Gamers Become Stars with Rock Band or Guitar Hero

Meet the newest kind of bar band

At least in terms of public play, Guitar Hero seems already like yesterday's news. Rock Band's ability to accommodate four players easily trumps the two of Guitar Hero, and with Rock Band, karaoke is rolled into the package as well. (Rock Band and its sequels may eventually spell doom for stand-alone karaoke nights.)

Anthony Wegmann, one of Lucky's owners, says that his club has seen an upswing in business on Rock Band night. "The last couple of weeks we have started getting phone calls from people wanting to know what time we start playing," he says.

"It's almost like getting a live band in here. A lot of times people will leave right after whatever game they were watching ends, but now people will hang back and watch the Rock Band players, and then some of them will start playing, too. It's not quite as good as a live band, but it is at least some form of entertainment, whereas we would just be having reruns of SportsCenter on ESPN otherwise."

Partridge Family, Montrose style: Magda Sayeg shreds on guitar as son Isaac and husband Dan Fergus provide the rhythm section. Daughter Aiden and Stella the bulldog look on.
Daniel Kramer
Partridge Family, Montrose style: Magda Sayeg shreds on guitar as son Isaac and husband Dan Fergus provide the rhythm section. Daughter Aiden and Stella the bulldog look on.
Kelly Law-Yone: The Jimi Hendrix of fake guitar uses real piano skills to hone her Guitar Hero skills.
Vanessa Gavalya
Kelly Law-Yone: The Jimi Hendrix of fake guitar uses real piano skills to hone her Guitar Hero skills.

What's not to love about a game that has the power to knock yet another episode of SportsCenter off the box?

Plenty, say some Houston musicians and music teachers. But even most of them reluctantly agree that the games are fun.

Former Chango Jackson and current Yoko Mono guitarist/singer Moises Alaniz found Guitar Hero to be a humbling experience. At a party over the holidays, he delivered a trainwreck of a performance, but he has an excuse.

"I'm colorblind, so I had to memorize the position where the colors were supposed to be," he says. "I didn't like it, in the sense that there's no realism to it. If there were strings or something...Basically, it's just like tapping on a computer keyboard. As far as entertainment, yeah, I could see where it would be fun, but I think it takes too much away from it, the digital area going in a completely wrong direction into art."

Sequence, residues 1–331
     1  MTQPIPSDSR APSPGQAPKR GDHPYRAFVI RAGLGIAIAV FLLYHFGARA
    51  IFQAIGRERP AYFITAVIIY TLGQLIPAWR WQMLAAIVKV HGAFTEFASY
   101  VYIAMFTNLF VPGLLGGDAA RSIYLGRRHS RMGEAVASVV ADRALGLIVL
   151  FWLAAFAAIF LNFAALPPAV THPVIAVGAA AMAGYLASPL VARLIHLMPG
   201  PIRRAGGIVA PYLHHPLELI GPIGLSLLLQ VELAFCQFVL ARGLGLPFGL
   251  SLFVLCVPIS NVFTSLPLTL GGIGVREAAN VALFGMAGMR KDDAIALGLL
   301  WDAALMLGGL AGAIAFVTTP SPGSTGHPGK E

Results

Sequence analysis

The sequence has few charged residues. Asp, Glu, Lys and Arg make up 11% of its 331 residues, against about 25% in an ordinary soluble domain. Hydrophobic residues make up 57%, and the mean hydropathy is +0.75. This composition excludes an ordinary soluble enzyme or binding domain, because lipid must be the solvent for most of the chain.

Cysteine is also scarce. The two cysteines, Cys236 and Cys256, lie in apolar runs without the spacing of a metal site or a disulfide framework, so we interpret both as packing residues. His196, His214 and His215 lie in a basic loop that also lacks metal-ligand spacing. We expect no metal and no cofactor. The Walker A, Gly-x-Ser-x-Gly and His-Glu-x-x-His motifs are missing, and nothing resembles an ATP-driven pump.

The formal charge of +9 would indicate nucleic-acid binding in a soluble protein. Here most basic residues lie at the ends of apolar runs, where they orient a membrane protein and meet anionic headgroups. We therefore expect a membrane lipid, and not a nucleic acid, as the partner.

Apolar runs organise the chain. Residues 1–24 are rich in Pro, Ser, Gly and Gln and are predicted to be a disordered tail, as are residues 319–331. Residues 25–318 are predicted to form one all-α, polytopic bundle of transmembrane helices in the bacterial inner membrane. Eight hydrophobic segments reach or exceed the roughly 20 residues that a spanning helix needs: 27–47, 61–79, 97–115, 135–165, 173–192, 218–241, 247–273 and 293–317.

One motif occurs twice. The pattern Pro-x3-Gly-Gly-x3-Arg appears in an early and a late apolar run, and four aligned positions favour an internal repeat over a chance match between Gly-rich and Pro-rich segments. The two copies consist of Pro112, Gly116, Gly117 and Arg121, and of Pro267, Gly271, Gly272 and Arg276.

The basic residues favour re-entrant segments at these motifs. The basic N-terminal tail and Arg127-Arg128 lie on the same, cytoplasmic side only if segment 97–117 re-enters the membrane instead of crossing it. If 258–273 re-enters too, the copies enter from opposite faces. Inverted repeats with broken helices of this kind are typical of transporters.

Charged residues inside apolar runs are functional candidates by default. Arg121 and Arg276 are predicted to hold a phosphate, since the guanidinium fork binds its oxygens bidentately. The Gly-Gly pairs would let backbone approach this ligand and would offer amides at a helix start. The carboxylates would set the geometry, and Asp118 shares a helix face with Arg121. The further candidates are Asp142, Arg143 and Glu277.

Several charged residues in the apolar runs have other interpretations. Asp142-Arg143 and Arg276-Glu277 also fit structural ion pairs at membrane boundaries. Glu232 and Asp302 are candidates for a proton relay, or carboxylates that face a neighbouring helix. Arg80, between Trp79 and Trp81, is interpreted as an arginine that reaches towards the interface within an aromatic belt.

Rock Band offered Alaniz redemption. "I sang on Rock Band, and the microphone checks your pitch, and I did really well. That felt really good."

Allen Hill, the antic front man for the Allen Oldies Band who also teaches guitar and plays guitar and bass in several other cover bands, is also in the anti-camp. He believes that any time spent playing the game could be better spent learning to play the guitar for real.

"Video games didn't create the need to play guitar or make a band," he says. "All this stuff can be done; you've just got to apply yourself and really want to do it. It's like running a marathon. Most people say they can't do it, but if you train for it, you probably can. The mental challenges of learning guitar are far greater than the physical ones."

Local guitarist/singer Jaime Marroquin, who as "Jaime Hellcat" leads the "vato-billy" band Flamin' Hellcats, has played the game and says that he is "terrible" at it. Even so, he enjoys the game and says it is not without its benefits.

"I think it does give nonmusicians a sense of what it feels like to be onstage in a band, especially a terrible band," he says.

In the game, when you hit too many duff notes in a row, the song ends abruptly, the crowd boos unmercifully and silence, interrupted only by the crackling hum of an amp, descends, as your character hangs his head in shame.

"I have been in some terrible bands in my time, and it feels a lot like that," Marroquin says. "Now people know what it feels like to suck in a band."

And he also feels the converse is true. "Or when you are kicking ass, that high you get. There's nothing like it."

That may be so, Hill believes, but he thinks that Guitar Hero devotees are cheating themselves out of some of the best parts of life as a musician. "A big part of playing music is that you are in an ensemble and you are playing with humans," he says. "Nothing against technology, but in some ways I feel these games cheapen the experience a little bit."

No matter what you think about the game's ability to re-create life as a musician, few people will argue that Rock Band and the Guitar Hero series are masterpieces as pure video games. Both of them demolish all the rules of gaming.

For starters, these games are social rather than solitary. People actually enjoy watching people play these games.

Chad Edwards, one of the Rock Band-loving patrons at Lucky's, says that Rock Band is one game that gets you out of the house. "I don't know this guy or that guy" — he points to two of his virtual bandmates — "but we've all played Guitar Hero and we've all played Rock Band, and this is just another way for us to get together and do something that we would otherwise do at home. The fact that I can do it here and maybe meet some good people is pretty cool."

Think "hard-core gamer" and chances are you picture a geeky male, ranging in age from 12 to 35, and there is a lot of truth to that pigeonholing. Other than Tetris and the Sims series, most women have never cared much for video games. Music games explode that stereotype. Many women who are bored by sports games and the über-violent likes of the Halo series find Guitar Hero and Rock Band utterly engrossing.

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